Saturday, December 9, 2023


This tire ‘blowout’ was actually from puncture, run-low and cutting impact

This tire was presented as a “sudden blowout” with a claim that the tire “must have been defective.”

This is what the tire looked like when I got it.

We can see the severe damage to the tire tread area in picture #1. Below is a picture of the small “nail” I discovered.

Here we see the small nail from the inside.

In picture #4, between the 2 arrows, we see the “rutting” caused by the wheel flange digging into the lower side of the tire. This is evidence of many hundreds of miles run with significant loss of air and/or excessive loading.

In picture #5 we see the cut steel filaments.

In the last picture, we see more cut steel filaments. Note the lack of the “cup-cone” configuration normally found in steel that has failed from being cut by some external object and not from overload or stretching.

My conclusion was that the tire was run while not properly inflated for many hundreds of miles due to the puncture and a lack of proper maintenance.

This would lead to a weakening of the tire structure. Hitting some sharp object, the weakened tire was cut and the tire suffered a failure.

Roger Marble

Check out my Blog www.RVTireSafety.Net

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Roger Marble
Roger Marble
Retired Tire Design and Forensic Engineer w/50+ years of experience. Currently has Class-C RV. Previous Truck Camper, Winny Brave, Class-C & 23'TT. Also towed race car w/ 23' open trailer and in 26' Closed trailer. While racing he set lap records at 6 different tracks racing from Lime Rock CT to Riverside CA and Daytona to Mosport Canada. Gives RV and Genealogy Seminars for FMCA across the USA. Taught vehicle handling to local Police Depts



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Bob P (@guest_257768)
1 month ago

Blew the heck out of that claim!

Bob (@guest_257767)
1 month ago

One reason I check air pressure before I leave a campground. I also check the tires when we are at rest stops. Only takes about 5 minutes. If there is a significant difference in one of the tires, I do an inspection. Have not had any problems, BUT!

Bob M (@guest_257750)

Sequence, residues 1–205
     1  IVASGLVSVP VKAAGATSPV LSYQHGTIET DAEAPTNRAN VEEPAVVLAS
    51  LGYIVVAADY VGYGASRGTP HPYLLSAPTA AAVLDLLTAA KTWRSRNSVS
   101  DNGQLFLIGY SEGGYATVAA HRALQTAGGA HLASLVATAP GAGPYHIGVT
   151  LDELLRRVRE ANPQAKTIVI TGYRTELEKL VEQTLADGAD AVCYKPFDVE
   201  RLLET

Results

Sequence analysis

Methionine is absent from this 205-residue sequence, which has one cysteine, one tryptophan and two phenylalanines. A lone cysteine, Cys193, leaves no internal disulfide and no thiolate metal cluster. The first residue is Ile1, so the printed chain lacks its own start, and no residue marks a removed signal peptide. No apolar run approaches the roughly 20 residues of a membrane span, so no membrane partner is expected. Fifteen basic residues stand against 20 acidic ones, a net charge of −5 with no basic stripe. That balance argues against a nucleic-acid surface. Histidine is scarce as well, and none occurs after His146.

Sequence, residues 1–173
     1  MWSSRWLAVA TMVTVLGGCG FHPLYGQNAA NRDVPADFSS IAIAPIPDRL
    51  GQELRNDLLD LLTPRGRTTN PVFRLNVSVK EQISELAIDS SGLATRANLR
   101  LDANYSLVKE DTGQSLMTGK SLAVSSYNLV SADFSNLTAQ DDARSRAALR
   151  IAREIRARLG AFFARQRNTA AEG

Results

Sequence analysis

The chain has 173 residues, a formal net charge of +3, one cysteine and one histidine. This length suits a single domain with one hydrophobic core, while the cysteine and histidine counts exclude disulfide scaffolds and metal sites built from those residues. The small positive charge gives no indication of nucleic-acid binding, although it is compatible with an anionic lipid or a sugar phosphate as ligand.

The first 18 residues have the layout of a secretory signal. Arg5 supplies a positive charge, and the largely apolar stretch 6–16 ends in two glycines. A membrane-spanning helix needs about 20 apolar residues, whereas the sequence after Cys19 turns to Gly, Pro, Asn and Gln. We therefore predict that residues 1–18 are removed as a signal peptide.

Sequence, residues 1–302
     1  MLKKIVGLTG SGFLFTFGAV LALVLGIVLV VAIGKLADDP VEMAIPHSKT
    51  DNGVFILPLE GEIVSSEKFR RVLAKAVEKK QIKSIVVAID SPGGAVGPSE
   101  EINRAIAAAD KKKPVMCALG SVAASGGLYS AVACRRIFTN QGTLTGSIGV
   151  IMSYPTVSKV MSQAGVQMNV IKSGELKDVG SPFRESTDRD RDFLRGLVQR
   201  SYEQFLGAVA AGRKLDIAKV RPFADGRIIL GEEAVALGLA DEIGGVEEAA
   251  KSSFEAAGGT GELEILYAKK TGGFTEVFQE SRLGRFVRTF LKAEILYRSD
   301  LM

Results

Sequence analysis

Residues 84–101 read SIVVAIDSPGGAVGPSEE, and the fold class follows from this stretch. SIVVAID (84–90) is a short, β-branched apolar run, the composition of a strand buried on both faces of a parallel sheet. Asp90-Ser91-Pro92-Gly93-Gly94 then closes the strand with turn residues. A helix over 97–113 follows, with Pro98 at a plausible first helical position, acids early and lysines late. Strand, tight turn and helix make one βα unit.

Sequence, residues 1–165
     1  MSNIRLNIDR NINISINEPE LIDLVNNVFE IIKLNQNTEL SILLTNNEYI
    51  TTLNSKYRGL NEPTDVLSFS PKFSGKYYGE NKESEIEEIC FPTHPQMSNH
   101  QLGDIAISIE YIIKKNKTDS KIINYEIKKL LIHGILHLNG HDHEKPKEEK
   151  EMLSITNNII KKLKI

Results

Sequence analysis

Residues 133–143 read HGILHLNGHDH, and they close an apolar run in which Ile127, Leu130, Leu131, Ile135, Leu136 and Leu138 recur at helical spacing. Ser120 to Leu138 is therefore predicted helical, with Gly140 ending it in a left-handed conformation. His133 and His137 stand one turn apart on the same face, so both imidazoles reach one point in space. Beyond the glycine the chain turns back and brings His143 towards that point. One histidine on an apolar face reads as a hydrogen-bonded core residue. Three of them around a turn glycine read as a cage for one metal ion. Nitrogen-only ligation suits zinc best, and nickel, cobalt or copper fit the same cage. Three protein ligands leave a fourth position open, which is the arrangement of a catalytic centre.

1 month ago

Do you know that if you have accessories such as a TPMS, towing mirrors, tonneau cover on your vehicle/ truck that were not installed by the manufacturer your insurance may not cover them. I just went thru that with Erie insurance in Pa after totaling my truck. About $1500. down the drain.

Neal Davis (@guest_257744)
1 month ago

Thank you, Roger! Our TPMS should prevent us making a similar mistake. Toward that end, I regularly check our RV and toad tire pressures with a TireMinder digital tire gauge ( to confirm both the TPMS and tire gauge are working properly. If they don’t approximately match, then I consult a second tire gauge to see if it approximates either.

Tommy Molnar (@guest_257735)
1 month ago

I spotted a nail sticking out of my tow vehicle’s right front tire. I squirted some soap on it to see if it was leaking. It was not. I parked in front of a tire shop and asked if someone could come out and remove the nail – in case there was an actual hole and air loss. Luckily the tire was fine. I thanked them and off we went.

Tom (@guest_257624)
1 month ago

TPMS can save your day. Betting your life on your tires and proper maintenance.

Dr4Film (@guest_257638)
1 month ago
Reply to  Tom

TPMS will warn you of low tire pressure but it will NOT warn you of a sudden tire catastrophe blowout until a second or two after it already happened. It’s best to run with a TPMS and proper tire pressures based on corner weights.

Roger Marble (@guest_257722)
1 month ago
Reply to  Dr4Film

Yup. A properly programmed and functioning TPMS could have warned the driver of the low air which if corrected might have prevented the low air cut and ultimate failure.

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